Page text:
Published: 06:00, 10 January 2021
| Updated: 11:11, 10 January 2021
While today Canterbury attracts big-name acts such as Bryan Adams and Michael Buble, back in 1765 the city welcomed a boy who would become the most famous composer of all time.
Wolfgang Amadeus Mozart had embarked on his first European tour, in 1762, aged just six.
His father Leopold took him and his older sister Nannerl to perform before the Viennese court in October of that year.
The child prodigy then spent three years on the road, playing to dukes and barons, emperors and empresses, and kings and queens.
The tour would take in 17 cities in seven different countries.
In Paris in 1764, aged eight, Mozart composed his first violin sonata.
Then in April of that year, the family travelled to London and were received by King George III.
Other gigs included an entire week of concerts at the Swan and Harp pub, performing from noon to 3pm.
While the young Mozart and Nannerl were exhausted by the relentless schedule set by their father, Leopold still arranged more shows on their journey from London to Calais in 1765.
This included a performance at the Guildhall in Canterbury.
An advertisement posted in the Kentish Post read: “On Thursday July 25 at Eleven in the Forenoon will be A MUSICAL PERFORMANCE at the TOWN HALL in Canterbury FOR the BENEFIT of Master MOZART, the celebrated German Boy aged eight years and his Sister who have exhibited with universal Applause to the Nobility and Gentry in London. The Compositions and extempore Performances of this little boy, are the Astonishment of all Judges of Music. Admission 2s 6d”.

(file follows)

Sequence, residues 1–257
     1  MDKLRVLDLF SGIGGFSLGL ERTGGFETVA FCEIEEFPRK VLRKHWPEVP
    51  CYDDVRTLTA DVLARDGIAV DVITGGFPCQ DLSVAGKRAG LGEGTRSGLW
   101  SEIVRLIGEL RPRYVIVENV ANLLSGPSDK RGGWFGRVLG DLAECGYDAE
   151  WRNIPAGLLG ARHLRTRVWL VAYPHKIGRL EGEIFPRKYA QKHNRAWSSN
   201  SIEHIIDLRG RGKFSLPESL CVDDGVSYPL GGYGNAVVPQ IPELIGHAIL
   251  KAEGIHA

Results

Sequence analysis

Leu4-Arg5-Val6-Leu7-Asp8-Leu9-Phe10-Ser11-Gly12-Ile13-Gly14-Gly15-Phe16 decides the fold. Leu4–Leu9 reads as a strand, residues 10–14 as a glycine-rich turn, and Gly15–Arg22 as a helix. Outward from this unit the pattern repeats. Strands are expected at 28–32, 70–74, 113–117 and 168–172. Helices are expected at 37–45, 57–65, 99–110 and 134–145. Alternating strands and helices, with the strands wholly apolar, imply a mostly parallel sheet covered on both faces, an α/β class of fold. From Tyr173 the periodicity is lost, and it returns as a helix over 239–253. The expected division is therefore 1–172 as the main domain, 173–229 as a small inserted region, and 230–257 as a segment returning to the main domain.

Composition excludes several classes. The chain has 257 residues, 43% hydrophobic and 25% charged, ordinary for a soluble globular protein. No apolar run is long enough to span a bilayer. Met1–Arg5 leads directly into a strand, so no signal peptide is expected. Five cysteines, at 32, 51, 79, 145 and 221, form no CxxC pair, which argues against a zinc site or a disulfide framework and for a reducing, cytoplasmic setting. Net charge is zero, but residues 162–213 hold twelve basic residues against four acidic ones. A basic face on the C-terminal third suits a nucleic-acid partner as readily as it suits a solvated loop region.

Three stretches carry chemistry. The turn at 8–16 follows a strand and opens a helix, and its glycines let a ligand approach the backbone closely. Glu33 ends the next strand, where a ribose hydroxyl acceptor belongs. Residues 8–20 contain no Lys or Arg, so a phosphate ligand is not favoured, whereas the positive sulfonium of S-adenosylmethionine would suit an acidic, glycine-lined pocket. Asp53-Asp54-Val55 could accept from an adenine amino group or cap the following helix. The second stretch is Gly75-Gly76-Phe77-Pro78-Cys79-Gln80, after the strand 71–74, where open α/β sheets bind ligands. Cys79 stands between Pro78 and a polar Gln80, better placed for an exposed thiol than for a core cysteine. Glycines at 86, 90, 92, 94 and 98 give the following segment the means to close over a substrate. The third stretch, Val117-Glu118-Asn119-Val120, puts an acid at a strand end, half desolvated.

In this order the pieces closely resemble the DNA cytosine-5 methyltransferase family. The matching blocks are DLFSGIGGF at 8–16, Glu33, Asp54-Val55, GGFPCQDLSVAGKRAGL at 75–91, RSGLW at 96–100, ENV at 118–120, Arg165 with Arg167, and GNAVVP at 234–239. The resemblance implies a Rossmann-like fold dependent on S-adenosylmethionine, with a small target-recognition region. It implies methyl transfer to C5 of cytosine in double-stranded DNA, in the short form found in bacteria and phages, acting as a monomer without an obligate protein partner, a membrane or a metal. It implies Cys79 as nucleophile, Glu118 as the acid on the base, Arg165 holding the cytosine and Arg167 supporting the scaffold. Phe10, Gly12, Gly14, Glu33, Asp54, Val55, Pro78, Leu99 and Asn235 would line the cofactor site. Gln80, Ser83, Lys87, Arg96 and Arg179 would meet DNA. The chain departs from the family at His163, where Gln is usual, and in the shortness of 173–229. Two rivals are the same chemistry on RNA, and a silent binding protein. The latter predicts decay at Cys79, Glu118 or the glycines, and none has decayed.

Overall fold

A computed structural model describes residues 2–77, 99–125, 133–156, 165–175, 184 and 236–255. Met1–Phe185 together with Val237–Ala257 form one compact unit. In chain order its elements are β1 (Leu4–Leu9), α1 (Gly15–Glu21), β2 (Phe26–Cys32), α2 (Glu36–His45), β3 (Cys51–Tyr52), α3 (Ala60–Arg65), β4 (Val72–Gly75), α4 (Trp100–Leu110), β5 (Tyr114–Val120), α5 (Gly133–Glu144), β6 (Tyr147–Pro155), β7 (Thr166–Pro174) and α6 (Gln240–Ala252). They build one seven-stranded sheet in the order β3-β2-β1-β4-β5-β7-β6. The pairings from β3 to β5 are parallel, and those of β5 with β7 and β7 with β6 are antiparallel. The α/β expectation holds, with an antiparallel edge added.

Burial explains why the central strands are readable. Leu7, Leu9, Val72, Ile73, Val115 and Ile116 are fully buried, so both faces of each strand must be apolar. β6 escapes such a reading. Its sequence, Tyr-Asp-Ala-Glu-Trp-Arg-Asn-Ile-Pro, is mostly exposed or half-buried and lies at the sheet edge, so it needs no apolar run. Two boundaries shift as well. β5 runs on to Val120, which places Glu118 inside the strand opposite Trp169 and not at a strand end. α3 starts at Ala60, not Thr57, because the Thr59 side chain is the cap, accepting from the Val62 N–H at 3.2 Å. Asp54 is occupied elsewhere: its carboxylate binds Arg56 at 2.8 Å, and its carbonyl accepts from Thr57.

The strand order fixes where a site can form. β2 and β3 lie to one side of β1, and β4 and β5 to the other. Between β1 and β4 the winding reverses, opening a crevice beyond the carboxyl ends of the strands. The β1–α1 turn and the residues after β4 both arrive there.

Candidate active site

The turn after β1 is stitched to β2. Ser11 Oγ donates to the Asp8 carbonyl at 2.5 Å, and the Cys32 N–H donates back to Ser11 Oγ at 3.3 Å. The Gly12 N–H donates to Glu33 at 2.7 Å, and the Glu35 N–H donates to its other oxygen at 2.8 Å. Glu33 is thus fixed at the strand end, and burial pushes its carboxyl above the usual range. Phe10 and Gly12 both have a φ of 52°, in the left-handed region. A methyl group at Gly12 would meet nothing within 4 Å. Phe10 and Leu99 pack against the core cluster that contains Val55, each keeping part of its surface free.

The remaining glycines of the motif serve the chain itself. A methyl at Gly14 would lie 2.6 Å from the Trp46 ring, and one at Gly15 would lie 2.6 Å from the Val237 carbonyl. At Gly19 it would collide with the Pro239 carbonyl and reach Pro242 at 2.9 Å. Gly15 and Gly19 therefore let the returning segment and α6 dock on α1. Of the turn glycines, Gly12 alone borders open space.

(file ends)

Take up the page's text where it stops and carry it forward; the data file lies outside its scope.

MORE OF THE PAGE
Although Mozart was in fact nine at the time - and born in Salzburg, not Germany - its fair to say those attending will have got their money’s worth.
That two shillings and six pence would today be worth about £12.81.
Mozart also stopped off at Dover before arriving in Calais on August 1, where a coach was waiting to whisk the family off on the next stage of the tour.
Within three years the child prodigy had written his first opera and his first mass - aged 12.
By the time of his death in 1791, the 35-year-old had composed more than 600 works.